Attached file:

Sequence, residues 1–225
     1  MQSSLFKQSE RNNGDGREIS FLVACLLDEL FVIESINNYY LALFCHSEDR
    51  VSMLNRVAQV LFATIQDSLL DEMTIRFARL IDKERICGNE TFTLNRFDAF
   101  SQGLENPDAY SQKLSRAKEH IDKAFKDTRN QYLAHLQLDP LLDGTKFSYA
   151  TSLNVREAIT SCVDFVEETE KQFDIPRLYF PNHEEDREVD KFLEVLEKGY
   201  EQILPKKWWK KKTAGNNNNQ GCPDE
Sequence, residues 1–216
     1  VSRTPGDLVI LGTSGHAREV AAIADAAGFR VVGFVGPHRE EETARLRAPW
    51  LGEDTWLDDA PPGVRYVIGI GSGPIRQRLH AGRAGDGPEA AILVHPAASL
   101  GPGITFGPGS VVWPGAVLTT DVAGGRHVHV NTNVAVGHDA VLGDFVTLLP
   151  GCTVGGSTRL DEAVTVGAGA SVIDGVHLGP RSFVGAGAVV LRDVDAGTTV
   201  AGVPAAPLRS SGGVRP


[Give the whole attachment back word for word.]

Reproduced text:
Sequence, residues 1–225
     1  MQSSLFKQSE RNNGDGREIS FLVACLLDEL FVIESINNYY LALFCHSEDR
    51  VSMLNRVAQV LFATIQDSLL DEMTIRFARL IDKERICGNE TFTLNRFDAF
   101  SQGLENPDAY SQKLSRAKEH IDKAFKDTRN QYLAHLQLDP LLDGTKFSYA
   151  TSLNVREAIT SCVDFVEETE KQFDIPRLYF PNHEEDREVD KFLEVLEKGY
   201  EQILPKKWWK KKTAGNNNNQ GCPDE
Sequence, residues 1–216
     1  VSRTPGDLVI LGTSGHAREV AAIADAAGFR VVGFVGPHRE EETARLRAPW
    51  LGEDTWLDDA PPGVRYVIGI GSGPIRQRLH AGRAGDGPEA AILVHPAASL
   101  GPGITFGPGS VVWPGAVLTT DVAGGRHVHV NTNVAVGHDA VLGDFVTLLP
   151  GCTVGGSTRL DEAVTVGAGA SVIDGVHLGP RSFVGAGAVV LRDVDAGTTV
   201  AGVPAAPLRS SGGVRP